We can and we must evolve the way we produce food.

The Problem

Industrial agriculture is often practiced with only one thing in mind: short to mid-term profits. This method leaves many factors out of the equation.

  • Degradation of watersheds
  • Abused animals
  • Health of local communities
  • Health of ecosystem
  • Quality and nutritious of food
  • Food insecurity due to the use of fossil fuels to truck food in


Our current industrial food model does not encourage consumers to know what it took to get the food to their shopping carts. The true costs of pollution, abuse (of animals and laborers) and subsidies is not understood because of opaque corporations and practices.

A Solution

  • Inspire and educate experienced farmers (as well as the population of young people wanting to do something meaningful for the environment and their future) about regenerative agricultural methods that could produce more money than their current methods
  • Provide resources for farmers and farmer’s markets (Proposal coming soon)
  • Build infrastructure within foodsheds that support regional and hyperlocal food economies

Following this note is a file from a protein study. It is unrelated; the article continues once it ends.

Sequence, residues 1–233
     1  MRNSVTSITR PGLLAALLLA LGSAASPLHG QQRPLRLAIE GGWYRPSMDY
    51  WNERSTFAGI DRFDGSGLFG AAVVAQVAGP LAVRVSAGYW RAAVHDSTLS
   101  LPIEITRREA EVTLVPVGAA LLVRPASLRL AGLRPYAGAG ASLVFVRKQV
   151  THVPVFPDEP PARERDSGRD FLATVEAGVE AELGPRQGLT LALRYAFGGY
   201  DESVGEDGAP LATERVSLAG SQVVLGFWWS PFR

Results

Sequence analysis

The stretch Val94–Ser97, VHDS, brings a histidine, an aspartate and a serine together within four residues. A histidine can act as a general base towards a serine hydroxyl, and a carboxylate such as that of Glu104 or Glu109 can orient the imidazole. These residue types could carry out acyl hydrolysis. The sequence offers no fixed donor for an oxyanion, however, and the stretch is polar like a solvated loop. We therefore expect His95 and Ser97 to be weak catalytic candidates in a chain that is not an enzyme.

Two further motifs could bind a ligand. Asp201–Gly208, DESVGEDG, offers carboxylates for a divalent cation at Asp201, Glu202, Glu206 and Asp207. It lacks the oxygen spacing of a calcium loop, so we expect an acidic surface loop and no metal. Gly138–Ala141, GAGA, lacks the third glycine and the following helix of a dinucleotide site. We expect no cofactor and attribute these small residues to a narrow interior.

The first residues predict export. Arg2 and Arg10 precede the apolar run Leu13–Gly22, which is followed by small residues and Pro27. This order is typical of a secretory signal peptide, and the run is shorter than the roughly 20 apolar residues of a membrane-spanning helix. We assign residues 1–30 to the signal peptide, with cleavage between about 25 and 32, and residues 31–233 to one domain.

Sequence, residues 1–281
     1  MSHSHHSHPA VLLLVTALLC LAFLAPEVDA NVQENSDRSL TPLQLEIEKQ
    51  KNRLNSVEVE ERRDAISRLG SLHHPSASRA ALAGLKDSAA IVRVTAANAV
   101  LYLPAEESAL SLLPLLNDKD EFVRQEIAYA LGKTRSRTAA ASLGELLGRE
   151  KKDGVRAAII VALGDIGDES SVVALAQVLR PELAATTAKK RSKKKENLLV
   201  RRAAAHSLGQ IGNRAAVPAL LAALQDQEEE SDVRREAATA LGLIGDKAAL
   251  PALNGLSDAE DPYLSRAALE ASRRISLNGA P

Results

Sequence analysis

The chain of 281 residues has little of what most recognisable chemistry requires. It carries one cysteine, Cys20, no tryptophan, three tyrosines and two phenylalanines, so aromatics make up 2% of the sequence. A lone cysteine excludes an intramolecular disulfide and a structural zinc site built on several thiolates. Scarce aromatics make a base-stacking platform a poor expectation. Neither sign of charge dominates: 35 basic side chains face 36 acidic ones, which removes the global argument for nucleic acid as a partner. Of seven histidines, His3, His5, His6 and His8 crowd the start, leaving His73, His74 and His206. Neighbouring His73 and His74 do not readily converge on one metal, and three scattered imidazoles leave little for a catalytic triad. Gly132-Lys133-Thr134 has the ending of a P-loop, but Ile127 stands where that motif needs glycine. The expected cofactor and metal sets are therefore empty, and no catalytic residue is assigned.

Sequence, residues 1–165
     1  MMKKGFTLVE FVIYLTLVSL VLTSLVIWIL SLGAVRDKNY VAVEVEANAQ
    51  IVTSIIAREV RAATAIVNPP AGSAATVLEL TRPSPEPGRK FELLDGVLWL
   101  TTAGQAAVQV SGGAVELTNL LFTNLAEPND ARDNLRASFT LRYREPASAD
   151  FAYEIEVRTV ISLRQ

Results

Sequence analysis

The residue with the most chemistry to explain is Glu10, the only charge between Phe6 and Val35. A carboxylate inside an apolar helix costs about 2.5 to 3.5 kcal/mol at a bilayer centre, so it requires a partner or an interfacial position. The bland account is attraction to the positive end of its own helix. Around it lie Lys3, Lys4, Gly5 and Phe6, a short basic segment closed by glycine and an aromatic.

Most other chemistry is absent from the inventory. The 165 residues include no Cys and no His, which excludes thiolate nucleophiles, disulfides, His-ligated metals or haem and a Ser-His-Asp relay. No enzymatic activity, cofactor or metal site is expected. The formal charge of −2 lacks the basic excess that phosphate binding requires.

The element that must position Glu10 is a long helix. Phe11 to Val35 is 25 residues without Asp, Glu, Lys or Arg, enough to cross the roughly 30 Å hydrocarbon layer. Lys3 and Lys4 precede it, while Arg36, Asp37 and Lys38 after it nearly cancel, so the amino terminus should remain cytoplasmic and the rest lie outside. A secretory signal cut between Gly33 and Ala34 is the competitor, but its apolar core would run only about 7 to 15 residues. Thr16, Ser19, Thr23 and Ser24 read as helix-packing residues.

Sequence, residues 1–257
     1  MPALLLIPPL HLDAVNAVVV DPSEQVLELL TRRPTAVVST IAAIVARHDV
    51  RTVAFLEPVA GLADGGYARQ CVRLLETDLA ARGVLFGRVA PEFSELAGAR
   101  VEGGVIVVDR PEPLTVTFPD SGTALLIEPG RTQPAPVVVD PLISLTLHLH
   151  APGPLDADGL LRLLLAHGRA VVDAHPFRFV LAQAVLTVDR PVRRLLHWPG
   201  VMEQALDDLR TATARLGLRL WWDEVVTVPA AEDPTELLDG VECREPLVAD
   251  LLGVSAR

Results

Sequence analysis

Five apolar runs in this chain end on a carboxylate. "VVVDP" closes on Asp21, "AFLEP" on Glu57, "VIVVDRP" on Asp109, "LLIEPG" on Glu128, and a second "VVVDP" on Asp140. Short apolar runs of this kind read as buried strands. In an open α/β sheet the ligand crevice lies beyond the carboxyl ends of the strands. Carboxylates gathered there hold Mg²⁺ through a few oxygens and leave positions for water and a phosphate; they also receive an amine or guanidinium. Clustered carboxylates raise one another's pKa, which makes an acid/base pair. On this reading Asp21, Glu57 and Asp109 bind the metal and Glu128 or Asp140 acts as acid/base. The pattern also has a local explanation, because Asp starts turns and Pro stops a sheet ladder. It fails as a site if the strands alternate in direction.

The Vision

I was very inspired by the events I attended in Northern California. I am planning to  coordinate similar events, first in the San Luis Valley of Colorado and New Mexico and then, in the Texas Panhandle. Each event would be geared toward its particular land and culture, but both with the focus of doing ag better. The events I mentioned and would like to model are the Building Resilient Communities Permaculture Convergence and the Sebastopol Village Building Convergence.


The Proposal

  1. An annual, regional convergence integrating permaculture, regenerative design, whole-systems farming and community building would kick off a series of educational workshops.
  2. Use the momentum by helping facilitate a place and time for excited participants meet on a regular basis to continue the conversation, build community, etc.
  3. Within 3 months, hold a 10-day permaculture design course in the region
  4. Every other weekend, hold workshops on specific areas of interest the community members say the have. Such as, but not limited to:
    • Water harvesting
    • Backyard gardens
    • Keeping chickens
    • Bee keeping
    • Biodiverse farming
    • Medicine & herb gardens
    • Fermenting
    • Canning
    • Value added products
    • Foraging
    • Cattle rotation
    • Sheep sheering
    • Goat milking